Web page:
Monday, February 25, 2008

More From the SCBWI Meeting

Hey, I just got a digital camera. I decided to take it for a test run at the NJ SCBWI workshop last Sunday. Here's some photos from the day...

Kathy Temean, the RA of the NJ chapter is the one with the red scarf. There's Jeanne and Kim also in red in the background.

Before we get started - maybe some pre-critique jitters...

Peek-a-boo! I see you Leeza. Look how the sun shines on only you in the room like a beacon, the clouds part, the angels sing.... Ahhhhhhhhhhhhh...

Most of us gals from my small critique group... Lynette in red, to the left, Hallee in the back Leeza, in pink Joelle, and in the front on the right is Marcie. Lisa was not present at the moment.

Sunday, February 24, 2008

NJ SCBWI Workshop

Hello all,
This is just a very brief posting saying... I've been to the NJ SCBWI workshop today. I met some lovely ladies in my group. (Hello Joelle, Marcie, Lynette, Hallee, Lisa, and of course, Leeza!)

In case you've never been to such an event, here's what happens...

About a month before, you are assigned a small group. The ladies mentioned above were in my small group. Each small group is assigned an editor to receive a one-on-one critique with for 20 minutes. So in that month’s time, you have to mail your first 30 pages of your novel, or your entire PB MS to Kathy Temean, RA of the NJ chapter of SCBWI. AND... you have to email your pages to the members of your group.

Then over that month you read and critique all the stories as they come in (or wait until the last possible moment - whichever way works for you...) Then, on the day of the conference, armed with the critiques you have written for one another, you show up ready to share.

Everyone takes turns presenting their feedback while, one at a time, a member will quietly dismiss herself (sorry no token males were present in our group) and meet with the editor in a separate room.

Then, around, well... lunchtime, there is a lunch where we can all mingle and meet other writers or editors present at the event. Then we go back and finish our critiques.

At the very end is an open mic Q+A session with all the editors. We get to learn what they are individually shopping for, how long their personal turn around is with scripts, and their tips and tools of advice and suggestions. We, as writers, are eager to eat up every nugget of info they are willing to provide.

And at the end of the day you've made friends (or enemies – no, only kidding!) and you hopefully will walk away feeling energized, renewed, and ready to revise, revise, revise.

I, on the other hand, always walk away feeling exhausted! I need a few days to not think about it, while all the while my subconscious is percolating, and simmering, deep in thought. Then, in a day or two... or three... I read everyone’s comments. I print out a fresh clean copy and begin writing notes of what the others have said. If someone else says the same thing, I put a check next to the comment. If again, another person says it, I add another check and so on. If there are comments that don't ring true to me, that no one else brought up, then I let that comment go. I toss it, as Joelle said in her “Take it, or Toss it” philosophy. If there are comments that spark something within me, even if no one else said, I star it.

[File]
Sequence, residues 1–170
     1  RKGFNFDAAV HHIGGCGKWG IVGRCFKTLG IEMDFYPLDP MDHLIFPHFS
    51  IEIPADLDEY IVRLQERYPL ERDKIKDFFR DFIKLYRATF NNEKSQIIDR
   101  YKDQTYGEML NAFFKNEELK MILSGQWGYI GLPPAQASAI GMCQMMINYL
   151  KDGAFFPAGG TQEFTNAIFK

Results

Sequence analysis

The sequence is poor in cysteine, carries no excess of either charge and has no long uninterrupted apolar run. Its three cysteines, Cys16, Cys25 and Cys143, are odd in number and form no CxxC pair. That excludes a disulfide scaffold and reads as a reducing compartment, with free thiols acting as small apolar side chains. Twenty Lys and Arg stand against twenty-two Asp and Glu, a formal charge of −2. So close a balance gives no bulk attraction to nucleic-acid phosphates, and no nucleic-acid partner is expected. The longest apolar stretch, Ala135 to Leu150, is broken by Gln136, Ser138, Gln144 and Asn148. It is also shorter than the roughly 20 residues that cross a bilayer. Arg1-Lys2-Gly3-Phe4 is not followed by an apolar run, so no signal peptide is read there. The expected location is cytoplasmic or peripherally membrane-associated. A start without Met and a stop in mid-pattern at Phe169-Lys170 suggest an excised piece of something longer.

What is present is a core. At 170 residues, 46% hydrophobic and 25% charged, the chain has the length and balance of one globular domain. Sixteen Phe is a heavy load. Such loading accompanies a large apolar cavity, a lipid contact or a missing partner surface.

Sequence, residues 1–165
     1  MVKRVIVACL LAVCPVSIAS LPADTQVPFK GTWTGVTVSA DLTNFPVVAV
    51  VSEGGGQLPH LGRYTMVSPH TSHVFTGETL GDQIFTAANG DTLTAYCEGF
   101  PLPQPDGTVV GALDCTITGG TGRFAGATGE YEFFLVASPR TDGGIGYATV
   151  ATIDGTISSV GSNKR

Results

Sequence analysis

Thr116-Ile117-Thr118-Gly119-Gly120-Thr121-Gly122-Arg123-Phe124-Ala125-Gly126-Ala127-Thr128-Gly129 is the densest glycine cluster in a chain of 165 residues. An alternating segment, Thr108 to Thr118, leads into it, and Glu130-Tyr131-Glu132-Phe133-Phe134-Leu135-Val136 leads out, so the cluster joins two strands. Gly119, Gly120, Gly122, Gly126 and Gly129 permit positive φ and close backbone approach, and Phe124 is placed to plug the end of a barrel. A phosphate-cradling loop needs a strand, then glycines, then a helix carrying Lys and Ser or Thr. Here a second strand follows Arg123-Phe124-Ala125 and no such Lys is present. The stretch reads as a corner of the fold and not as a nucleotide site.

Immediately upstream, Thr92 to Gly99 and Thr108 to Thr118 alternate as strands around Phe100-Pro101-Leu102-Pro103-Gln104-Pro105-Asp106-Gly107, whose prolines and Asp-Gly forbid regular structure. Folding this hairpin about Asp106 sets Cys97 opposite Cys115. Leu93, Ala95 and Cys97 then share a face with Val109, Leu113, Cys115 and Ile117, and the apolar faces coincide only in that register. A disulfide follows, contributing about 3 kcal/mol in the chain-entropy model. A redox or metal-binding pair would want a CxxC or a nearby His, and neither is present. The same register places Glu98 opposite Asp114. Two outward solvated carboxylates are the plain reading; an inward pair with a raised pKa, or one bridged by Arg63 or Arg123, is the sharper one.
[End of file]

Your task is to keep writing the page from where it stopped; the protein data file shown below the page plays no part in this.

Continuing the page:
Then I open my computer, copy and paste the story onto a fresh document and save it as... whatever the title is, the draft number, and I give it a new version number. For example, my novel... is on its first draft, but 5th version - 1.5. (For me, a new version is when I make changes within a single draft. Once I get to the end, any other changes would begin my next draft. And then process begins all over again, 2.0, 2.1, etc.) So now, I save it as a new document as TITLE, 1.6. Next, I take the hard copy with all the converted notes and I place it in that story’s binder. All of my stories have their own binders. Then in the binder, I mark it, TITLE 1.5 NJ SCBWI Feb 2008 conference. The editor’s version goes in the binder too, of course, and I attach her business card and her critique, so it is altogether.

And that's my process!

Another benefit of the day is... a good number of the editors that come to these workshops do not accept unsolicited work. But once you've met the editor at an SCBWI event, you are no longer considered unsolicited for a window of time - usually a few months. So even if you met with editor A, you are still welcomed and invited to send you MS to editors B, C, and D, as well. And most promise that they WILL read your MS and WILL write a personal (rejection) letter (OK hopefully not a rejection letter of course! I was only being funny!!!!)

So if you haven't ever tried an SCBWI conference or workshop. I highly recommend it. Visit SCBWI to find your state's chapter. To have that 20 minute one-on-one wiht an editor is so worth it!

Thursday, February 21, 2008

If You Want to Make God Laugh...

Woody Allen once said, “If you want to make God laugh, tell him your plans.” Well, no sooner had I announced that I would blog only on Sundays and Thursdays, that everything went to pot! I got sick... really sick... and needed a long recuperation period. Now that I am recuperated and it is Thursday, I will try to make my fuzzy brain think in a somewhat logical and coherent way...

So, here's what I've been contemplating lately… living an authentic life with intention and purpose. Simplifying. As some of you might know, my day job is as a copy writer for a local real estate firm. While it is a cool job if you love to write and love looking at houses (which equals loving to write about houses, btw) it is not a job without its hazards. You have peak seasons when you are so busy, you don’t know if you are coming or going, and finding as many synonyms for “featuring,” as possibly so all your copies don’t sound the same. Followed by periods of nothing, nada, zilch, zero homes to see, which means no money to make. But the biggest downfall to this job by far is… (Drum roll please) falling in love from time to time with a house.